It is of interest to investigate how an increase in CaMKII substrate phosphorylation may affect the efficacy of transmitter release. Synaptotagmin is the putative calcium sensor in synaptic vesicles and interacts with other proteins of the so-called exocytosis SNARE [N-ethylmaleimide-sensitive fusion protein (NSF) attachment protein (SNAP) receptor (SNARE)] complex, possibly conferring calcium dependence to neuronal exocytosis (Popoli, 1993a; Geppert et al., 1994). Recent findings suggested that interaction in vitro of synaptotagmin with the SNARE protein complex may be strengthened following CaMKII activation (see below) (Popoli et al., 1998).

Presynaptic Ca2+/CaM-dependent protein phosphorylation and the mechanism of action of ADs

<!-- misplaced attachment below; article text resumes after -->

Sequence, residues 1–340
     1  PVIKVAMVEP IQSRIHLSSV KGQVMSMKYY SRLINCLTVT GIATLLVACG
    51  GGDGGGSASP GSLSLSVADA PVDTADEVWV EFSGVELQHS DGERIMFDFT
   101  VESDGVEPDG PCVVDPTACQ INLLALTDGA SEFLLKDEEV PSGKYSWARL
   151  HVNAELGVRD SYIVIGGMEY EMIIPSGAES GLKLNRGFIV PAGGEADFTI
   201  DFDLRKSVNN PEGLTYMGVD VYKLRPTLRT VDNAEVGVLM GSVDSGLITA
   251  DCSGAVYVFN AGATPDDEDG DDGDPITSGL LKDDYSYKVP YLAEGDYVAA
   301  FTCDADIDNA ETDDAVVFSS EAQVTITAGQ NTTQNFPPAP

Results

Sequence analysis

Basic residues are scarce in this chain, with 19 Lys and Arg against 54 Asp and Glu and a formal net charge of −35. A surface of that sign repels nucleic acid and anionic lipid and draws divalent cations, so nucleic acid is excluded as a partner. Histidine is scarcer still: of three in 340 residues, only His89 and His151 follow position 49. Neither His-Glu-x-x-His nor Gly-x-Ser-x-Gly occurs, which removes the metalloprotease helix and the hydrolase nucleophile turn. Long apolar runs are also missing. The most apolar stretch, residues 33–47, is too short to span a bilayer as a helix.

The effect of ADs on presynaptic protein phosphorylation was confirmed by various studies. An increase in presynaptic Ca2+/CaM-dependent protein phosphorylation was found after long-term treatment with SSRI, 5-HT and NA reuptake inhibitors (SNRI), selective NA reuptake inhibitors (NARI), and tricyclic ADs (Table 1) (Popoli et al., 1995, 1997a,b; Verona et al., 1998). However, a difference was noted among different classes of drugs, in that selective and nonselective 5-HT reuptake inhibitors increased CaMKII activity and substrate phosphorylation only in the hippocampus, whereas drugs having a higher affinity for NA transporter, such as tricyclics (DMI), induced changes both in the hippocampus and in the frontal cortex. Nonrelated drugs (e.g., benzodiazepines) did not modify CaMKII activity. As for PKA, a nonrelated compound (SAM), shown to possess antidepressant properties (Bottiglieri, 1997), was also tested (12 days). SAM, at variance with typical ADs, increased presynaptic kinase activity in cerebral cortex, but not in the hippocampus (Zanotti et al., 1998); whether this effect of SAM is due to its role in methylation, to interaction with adenosine receptors, or to other reasons remains an open question (Mudd and Cantoni, 1964; Travagli et al., 1994; Zanotti et al., 1998).